Danske Says Bank Has Excess Capital to Reward Shareholders
(Bloomberg) -- Danske Bank A/S has built up enough extra capital to commit to dividends and, at the end of this year, will look into the option of resuming share buybacks.
Christian Baltzer, who started as chief financial officer at Denmark’s biggest bank in October, pointed to capital buffers that exceed both regulatory requirements and the bank’s own targets as evidence it can afford to return money to shareholders.
“We right now have a strong capital position of 16.7 percent, well above our own target and well suited for whatever might come our way,” Baltzer said in a phone interview on Tuesday.
Shares in Danske rose to the top of Bloomberg’s index of European financial stocks on Wednesday, gaining as much as 2.6 percent higher. Because of the May 1 holiday across much of Europe, many banks weren’t trading.
When it comes to dividends, Danske aims to return 40-60 percent of profits to shareholders each year, and “we can definitely maintain that,” Baltzer said. “Share buyback, it’s something that we discuss year-end with the board, so we’ll have a look at it at year-end.” He said that Danske also needs to discuss the option of share buybacks with the financial regulator.
The assurances on shareholder rewards follow a grim set of quarterly results that drove Danske’s share price down almost 10 percent on Tuesday. The bank said an Estonian money laundering scandal that erupted last year continues to weigh on its business, and pointed to higher funding and legal costs as part of the reason profits suffered.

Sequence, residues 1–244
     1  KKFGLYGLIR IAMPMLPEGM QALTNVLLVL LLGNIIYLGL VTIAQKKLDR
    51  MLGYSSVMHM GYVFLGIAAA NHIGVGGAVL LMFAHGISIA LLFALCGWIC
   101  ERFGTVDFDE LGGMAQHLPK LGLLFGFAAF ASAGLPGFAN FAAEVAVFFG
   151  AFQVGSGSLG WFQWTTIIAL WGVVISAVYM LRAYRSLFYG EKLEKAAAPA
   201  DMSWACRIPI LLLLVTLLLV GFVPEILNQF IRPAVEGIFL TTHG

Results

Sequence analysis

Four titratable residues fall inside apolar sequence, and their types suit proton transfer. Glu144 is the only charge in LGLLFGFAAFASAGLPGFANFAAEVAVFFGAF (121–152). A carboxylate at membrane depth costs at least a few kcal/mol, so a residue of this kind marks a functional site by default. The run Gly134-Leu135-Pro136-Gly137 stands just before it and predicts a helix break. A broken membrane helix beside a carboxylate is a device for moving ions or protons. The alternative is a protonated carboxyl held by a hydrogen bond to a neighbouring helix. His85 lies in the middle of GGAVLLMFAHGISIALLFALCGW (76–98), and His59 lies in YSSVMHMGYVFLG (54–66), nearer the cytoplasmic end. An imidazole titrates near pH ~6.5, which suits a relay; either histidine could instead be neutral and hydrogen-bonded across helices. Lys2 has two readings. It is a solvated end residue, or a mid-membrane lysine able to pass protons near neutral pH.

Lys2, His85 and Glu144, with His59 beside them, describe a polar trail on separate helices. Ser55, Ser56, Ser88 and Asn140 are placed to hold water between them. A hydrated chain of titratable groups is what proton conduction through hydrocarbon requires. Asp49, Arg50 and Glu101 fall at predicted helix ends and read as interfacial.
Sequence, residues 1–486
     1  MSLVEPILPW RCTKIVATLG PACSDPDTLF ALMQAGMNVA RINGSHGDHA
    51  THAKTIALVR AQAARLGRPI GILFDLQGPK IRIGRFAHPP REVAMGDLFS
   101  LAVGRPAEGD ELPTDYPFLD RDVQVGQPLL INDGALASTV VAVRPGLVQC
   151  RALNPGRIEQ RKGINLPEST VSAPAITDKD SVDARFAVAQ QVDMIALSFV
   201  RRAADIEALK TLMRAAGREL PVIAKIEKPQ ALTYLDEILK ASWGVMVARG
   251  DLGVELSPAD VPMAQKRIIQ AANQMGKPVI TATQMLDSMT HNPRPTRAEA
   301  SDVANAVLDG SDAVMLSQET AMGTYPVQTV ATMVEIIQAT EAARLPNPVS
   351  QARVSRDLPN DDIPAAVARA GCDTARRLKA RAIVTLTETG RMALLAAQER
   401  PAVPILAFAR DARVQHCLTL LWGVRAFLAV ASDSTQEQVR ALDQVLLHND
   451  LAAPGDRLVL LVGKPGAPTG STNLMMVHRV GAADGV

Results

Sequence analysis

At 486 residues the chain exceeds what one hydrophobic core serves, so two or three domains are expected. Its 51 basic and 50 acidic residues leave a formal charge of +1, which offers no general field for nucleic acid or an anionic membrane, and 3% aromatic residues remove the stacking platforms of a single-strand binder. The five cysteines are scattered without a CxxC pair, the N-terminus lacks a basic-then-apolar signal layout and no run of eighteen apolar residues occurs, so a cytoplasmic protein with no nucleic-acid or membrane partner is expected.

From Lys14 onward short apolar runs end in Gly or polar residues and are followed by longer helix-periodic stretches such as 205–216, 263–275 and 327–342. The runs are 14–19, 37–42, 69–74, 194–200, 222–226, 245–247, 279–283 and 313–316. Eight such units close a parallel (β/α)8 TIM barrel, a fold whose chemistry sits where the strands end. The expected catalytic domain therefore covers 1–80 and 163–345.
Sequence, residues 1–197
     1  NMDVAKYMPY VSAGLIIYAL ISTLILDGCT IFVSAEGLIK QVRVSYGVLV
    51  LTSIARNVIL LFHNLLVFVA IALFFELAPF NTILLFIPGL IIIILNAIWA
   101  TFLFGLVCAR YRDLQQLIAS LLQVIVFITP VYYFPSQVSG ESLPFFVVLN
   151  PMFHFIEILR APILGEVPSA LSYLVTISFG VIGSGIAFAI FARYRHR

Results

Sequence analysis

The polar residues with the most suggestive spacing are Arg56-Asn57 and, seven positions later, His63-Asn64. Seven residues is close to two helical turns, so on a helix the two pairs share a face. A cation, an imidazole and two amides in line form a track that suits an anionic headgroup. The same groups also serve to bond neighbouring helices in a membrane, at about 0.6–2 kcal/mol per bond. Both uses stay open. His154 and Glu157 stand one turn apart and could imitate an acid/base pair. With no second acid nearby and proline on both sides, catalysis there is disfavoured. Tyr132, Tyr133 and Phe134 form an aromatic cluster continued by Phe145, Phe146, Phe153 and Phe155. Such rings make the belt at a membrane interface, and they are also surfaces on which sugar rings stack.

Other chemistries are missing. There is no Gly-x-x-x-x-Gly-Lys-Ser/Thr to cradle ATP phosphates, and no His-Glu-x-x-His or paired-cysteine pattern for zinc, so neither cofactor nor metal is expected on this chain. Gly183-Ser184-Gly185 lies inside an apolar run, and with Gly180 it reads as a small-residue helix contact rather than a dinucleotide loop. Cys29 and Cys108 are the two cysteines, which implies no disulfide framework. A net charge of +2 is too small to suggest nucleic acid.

Danske’s management was forced to cut its outlook for the full year, with net interest income set to decline in 2019 and profit at risk of stagnating. Against that backdrop, the bank’s capital position stood out as a bright spot, with its common equity Tier 1 buffer growing from a year earlier.
Danske’s laundering scandal last year prompted the Danish financial regulator to enforce an additional capital requirement of 10 billion kroner ($1.5 billion). That forced the bank to cut short its existing share buyback program and shelve plans for future repurchase plans.
Baltzer said Danske’s additional capital requirement hasn’t been earmarked for a particular purpose. It could be used to cover the cost of potential fines, but it might also go toward expanding lending or buying back shares, depending on what the regulator approves.
Danske has a common equity Tier 1 capital equivalent to 16.7 percent of its risk-weighted assets. Its regulatory requirement is 14 percent and the bank’s management has set a target of 16 percent. That leaves an excess capital layer of 0.7 percentage point, equivalent to 5.3 billion kroner, or around $800 million, according to Bloomberg calculations confirmed by Danske Bank.
It’s “a little bit of a buffer for us to work with,” Baltzer said.
Danske said in September that a large part of around $230 billion that flowed through an Estonian unit over nine years was suspicious. The bank is being investigated across Europe and in the U.S., and the roughly 50 percent it lost in market value last year reflects investor anxiety over potential laundering fines.
Danske also faces multiple shareholder lawsuits on both sides of the Atlantic. Last month, 169 cases were filed in Copenhagen courts seeking claims of 3.5 billion kroner, the bank said.
The case has cost Danske roughly 500 million kroner in legal, administrative and extra funding costs so far. That figure is set to rise, though Baltzer said he couldn’t provide an estimate to show how much.
“Guessing what the end number of that will be is not something that we have come out with,” he said. “When you to have go to a lawsuit in the U.S., unfortunately it’s not for free.”
The bank has pledged not to pass on to customers the higher funding costs related to the case, he said. Danske is keen to regain the trust of customers and investors and has decided that shielding them from its laundering costs is key to that goal.
Just under 20,000 Danish retail customers have closed their accounts since October. Baltzer says there are signs that the exodus is now slowing.
“We’ve had two quarters with significant outflow of customers,” he said. “We’re seeing more of a normalization coming in. But again, you could argue that it’s too early to call. There’s the notorious seeing light at the end of the tunnel: is it a train or is it the end of the tunnel?”
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